Passage of the clock: Lessons of Spanish timekeeping

I’ve just moved into my new place on Pasaje de Reloj this month. That roughly translates as “passage of the clock” – a poetic excuse to have a think about time.

Growing up, I missed the school bus every other day. Part of my transition into adult-ish life has been learning to get to things on time (even early!)

Nowadays, I am more likely to be on time than not, a fact made more remarkable by the ability mobile phone’s give us to cancel and delay at whim. I am too sensitive to deal with that kind of behaviour, so it seems I’ve become “reliable”.

Here in Spain however, it seems that’s even more of a rarity. The amount of meetings, phone calls and emails that have been ignored or abandoned since I’ve got here far outweigh the amount that haven’t.

While writing the cover story for this month’s edition of BCN Més (casual), I met some of the big boys of Barna’s tech industry. Among them were Luis Cabiedes, probably the most successful startup investor in Spain, and Miquel Marti, CEO of Tech City which looks after companies collectively worth over a cool €7 billion.

Luis was only a few minutes late for our interview but he let our chat eat into his next meeting. As he told me his decision to stick with me a while longer, he received a message from the next guy, apologising that he would be late himself.

A guy who has been around the block a few times, Luis was so self-assured. His tardiness almost felt wise: “The world just works out like that,” he told me. As a Londoner, this relaxed approach makes me hyperventilate. As an oversensitive jasmine flower, I can’t help but feel bruised when people don’t think its worth being on time for meetings with me (regardless of whether that works in my favour). However, if a sophisticated, intelligent and kind multi-squillionaire can go with the flow, it might make me happier too.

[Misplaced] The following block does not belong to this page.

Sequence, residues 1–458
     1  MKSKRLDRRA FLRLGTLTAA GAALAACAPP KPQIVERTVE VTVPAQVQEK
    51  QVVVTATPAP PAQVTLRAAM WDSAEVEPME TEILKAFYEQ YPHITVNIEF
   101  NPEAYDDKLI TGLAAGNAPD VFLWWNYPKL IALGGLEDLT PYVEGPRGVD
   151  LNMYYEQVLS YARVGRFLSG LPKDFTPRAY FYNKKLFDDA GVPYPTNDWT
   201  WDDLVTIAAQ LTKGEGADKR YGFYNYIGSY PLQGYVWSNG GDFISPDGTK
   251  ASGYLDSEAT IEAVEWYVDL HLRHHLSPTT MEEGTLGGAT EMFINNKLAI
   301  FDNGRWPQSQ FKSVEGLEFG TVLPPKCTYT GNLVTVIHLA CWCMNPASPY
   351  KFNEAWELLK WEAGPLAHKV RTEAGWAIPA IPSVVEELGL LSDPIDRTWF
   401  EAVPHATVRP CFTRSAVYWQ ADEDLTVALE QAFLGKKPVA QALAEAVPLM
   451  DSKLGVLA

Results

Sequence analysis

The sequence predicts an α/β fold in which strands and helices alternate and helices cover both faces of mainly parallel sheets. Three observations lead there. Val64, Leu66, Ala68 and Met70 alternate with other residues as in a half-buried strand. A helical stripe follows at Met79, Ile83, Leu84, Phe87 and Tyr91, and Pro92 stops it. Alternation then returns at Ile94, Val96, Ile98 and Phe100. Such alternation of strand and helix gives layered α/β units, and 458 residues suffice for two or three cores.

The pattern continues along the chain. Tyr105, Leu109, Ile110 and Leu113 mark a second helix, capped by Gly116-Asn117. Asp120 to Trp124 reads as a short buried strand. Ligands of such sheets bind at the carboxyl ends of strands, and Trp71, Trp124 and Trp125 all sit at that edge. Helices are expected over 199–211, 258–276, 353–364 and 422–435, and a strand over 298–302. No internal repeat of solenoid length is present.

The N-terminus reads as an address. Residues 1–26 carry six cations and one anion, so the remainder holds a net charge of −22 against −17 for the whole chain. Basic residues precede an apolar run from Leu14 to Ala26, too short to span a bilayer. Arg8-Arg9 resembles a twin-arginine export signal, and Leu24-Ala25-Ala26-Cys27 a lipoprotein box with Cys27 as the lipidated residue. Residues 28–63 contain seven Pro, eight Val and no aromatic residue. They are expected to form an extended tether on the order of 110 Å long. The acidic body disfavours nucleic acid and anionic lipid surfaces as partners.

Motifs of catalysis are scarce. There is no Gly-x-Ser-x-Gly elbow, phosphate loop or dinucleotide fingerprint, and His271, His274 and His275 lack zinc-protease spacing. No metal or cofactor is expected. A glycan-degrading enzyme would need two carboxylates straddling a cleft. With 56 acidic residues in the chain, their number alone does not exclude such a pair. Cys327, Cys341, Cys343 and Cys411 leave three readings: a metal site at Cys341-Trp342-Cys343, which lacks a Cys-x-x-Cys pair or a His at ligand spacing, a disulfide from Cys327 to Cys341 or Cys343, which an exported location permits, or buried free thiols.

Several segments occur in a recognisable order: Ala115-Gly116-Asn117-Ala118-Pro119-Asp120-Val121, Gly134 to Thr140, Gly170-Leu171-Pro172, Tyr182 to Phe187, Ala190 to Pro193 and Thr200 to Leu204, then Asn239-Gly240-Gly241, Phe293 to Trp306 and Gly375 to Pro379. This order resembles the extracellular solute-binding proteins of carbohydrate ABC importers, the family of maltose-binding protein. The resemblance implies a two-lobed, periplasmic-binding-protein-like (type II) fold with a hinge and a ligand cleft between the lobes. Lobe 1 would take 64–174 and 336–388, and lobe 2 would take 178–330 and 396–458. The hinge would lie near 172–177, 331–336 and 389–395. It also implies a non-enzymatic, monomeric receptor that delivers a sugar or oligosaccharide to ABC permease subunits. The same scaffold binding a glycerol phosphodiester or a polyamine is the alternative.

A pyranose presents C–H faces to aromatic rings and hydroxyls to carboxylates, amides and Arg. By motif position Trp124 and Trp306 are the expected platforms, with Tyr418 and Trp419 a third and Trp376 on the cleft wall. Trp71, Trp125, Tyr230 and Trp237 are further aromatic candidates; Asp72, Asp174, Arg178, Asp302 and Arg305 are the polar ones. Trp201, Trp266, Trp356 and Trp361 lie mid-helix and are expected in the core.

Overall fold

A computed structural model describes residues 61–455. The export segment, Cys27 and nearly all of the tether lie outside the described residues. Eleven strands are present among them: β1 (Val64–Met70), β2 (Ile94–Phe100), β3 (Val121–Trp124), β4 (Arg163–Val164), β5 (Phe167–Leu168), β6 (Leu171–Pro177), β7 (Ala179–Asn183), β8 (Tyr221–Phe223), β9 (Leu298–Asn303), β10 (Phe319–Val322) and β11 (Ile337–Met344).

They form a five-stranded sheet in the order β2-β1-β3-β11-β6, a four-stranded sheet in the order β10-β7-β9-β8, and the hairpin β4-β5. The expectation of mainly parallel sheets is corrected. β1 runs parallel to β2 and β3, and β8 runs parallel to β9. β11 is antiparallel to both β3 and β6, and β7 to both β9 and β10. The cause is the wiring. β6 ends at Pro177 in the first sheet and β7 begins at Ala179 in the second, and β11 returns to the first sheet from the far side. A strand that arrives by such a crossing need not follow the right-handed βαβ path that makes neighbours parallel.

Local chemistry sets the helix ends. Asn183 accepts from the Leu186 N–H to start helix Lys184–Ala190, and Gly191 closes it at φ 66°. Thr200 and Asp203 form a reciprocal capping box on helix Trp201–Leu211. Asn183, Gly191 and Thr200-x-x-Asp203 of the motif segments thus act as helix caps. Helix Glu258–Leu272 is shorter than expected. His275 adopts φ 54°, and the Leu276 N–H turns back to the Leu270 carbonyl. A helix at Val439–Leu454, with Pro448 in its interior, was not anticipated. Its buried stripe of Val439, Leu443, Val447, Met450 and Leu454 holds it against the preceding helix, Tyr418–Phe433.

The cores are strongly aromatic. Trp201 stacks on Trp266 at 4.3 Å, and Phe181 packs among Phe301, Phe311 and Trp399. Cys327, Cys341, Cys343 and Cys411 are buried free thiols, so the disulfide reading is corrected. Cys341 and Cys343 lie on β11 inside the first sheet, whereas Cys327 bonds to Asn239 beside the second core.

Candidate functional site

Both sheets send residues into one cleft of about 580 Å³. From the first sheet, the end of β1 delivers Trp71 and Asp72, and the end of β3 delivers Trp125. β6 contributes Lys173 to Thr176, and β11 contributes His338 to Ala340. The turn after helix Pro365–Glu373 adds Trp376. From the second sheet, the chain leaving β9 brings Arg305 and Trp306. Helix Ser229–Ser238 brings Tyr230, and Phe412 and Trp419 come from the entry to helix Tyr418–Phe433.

Three months passed and it was Miquel Marti’s turn to be late, 2 hours late in fact. I had been bailed on last minute earlier in the day and I was fed up about that too. My tender floral nature was being plucked at once more as I humphed at the desk in his waiting room. I did not have time to waste.

It wasn’t until later that I realised how fortunate it was that he wasn’t on time. The amount of things I had to sort before the weekend had kept me up the night before.

This time let me send the insomnia inducing emails, make calls, write notes and calm my nerves. I even did some research that vastly improved what became one of my favourite interviews for the piece. The value of his delay only sunk in with the beer I was now able to have afterwards. When you are a not-enough-hours-in-the-day bitch, lateness can be a saviour. Now I’ve just gotta make sure I’m always prepped and remember to do something with it.

Most recently, I met a lady called Katrina for something completely different. I turned up at 11 like we had agreed. She turned up at 1140. As serious and busy as ever, I was once again fucked off. It turned out I had forgotten that we rearranged for 1130 in our last conversation; Even I have to allow for that sort of lateness. If I’d got my emails the other way round, I could have been late too. Compassion comes a lot easier when you’re the one who’s wrong.

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